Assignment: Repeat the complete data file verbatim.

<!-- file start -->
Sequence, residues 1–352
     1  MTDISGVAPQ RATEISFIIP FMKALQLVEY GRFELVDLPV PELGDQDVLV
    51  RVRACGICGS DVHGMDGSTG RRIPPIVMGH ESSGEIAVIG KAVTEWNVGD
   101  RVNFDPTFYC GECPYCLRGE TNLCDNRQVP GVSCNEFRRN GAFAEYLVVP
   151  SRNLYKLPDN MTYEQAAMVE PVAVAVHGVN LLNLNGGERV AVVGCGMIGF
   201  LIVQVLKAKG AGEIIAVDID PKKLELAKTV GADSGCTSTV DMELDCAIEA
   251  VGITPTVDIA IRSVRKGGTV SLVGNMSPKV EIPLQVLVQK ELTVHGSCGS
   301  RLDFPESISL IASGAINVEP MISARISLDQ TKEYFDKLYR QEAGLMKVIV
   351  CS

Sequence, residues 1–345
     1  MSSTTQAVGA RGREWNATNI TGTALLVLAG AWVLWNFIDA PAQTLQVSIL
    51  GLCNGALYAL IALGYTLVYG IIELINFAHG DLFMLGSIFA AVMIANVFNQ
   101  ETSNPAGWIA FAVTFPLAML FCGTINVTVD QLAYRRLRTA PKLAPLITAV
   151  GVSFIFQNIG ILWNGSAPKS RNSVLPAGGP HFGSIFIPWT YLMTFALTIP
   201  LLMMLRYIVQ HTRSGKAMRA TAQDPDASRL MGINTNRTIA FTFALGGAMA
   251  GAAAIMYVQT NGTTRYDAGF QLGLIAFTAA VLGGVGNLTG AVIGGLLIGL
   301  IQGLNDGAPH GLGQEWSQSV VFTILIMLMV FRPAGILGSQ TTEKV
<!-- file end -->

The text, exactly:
Sequence, residues 1–352
     1  MTDISGVAPQ RATEISFIIP FMKALQLVEY GRFELVDLPV PELGDQDVLV
    51  RVRACGICGS DVHGMDGSTG RRIPPIVMGH ESSGEIAVIG KAVTEWNVGD
   101  RVNFDPTFYC GECPYCLRGE TNLCDNRQVP GVSCNEFRRN GAFAEYLVVP
   151  SRNLYKLPDN MTYEQAAMVE PVAVAVHGVN LLNLNGGERV AVVGCGMIGF
   201  LIVQVLKAKG AGEIIAVDID PKKLELAKTV GADSGCTSTV DMELDCAIEA
   251  VGITPTVDIA IRSVRKGGTV SLVGNMSPKV EIPLQVLVQK ELTVHGSCGS
   301  RLDFPESISL IASGAINVEP MISARISLDQ TKEYFDKLYR QEAGLMKVIV
   351  CS

Sequence, residues 1–345
     1  MSSTTQAVGA RGREWNATNI TGTALLVLAG AWVLWNFIDA PAQTLQVSIL
    51  GLCNGALYAL IALGYTLVYG IIELINFAHG DLFMLGSIFA AVMIANVFNQ
   101  ETSNPAGWIA FAVTFPLAML FCGTINVTVD QLAYRRLRTA PKLAPLITAV
   151  GVSFIFQNIG ILWNGSAPKS RNSVLPAGGP HFGSIFIPWT YLMTFALTIP
   201  LLMMLRYIVQ HTRSGKAMRA TAQDPDASRL MGINTNRTIA FTFALGGAMA
   251  GAAAIMYVQT NGTTRYDAGF QLGLIAFTAA VLGGVGNLTG AVIGGLLIGL
   301  IQGLNDGAPH GLGQEWSQSV VFTILIMLMV FRPAGILGSQ TTEKV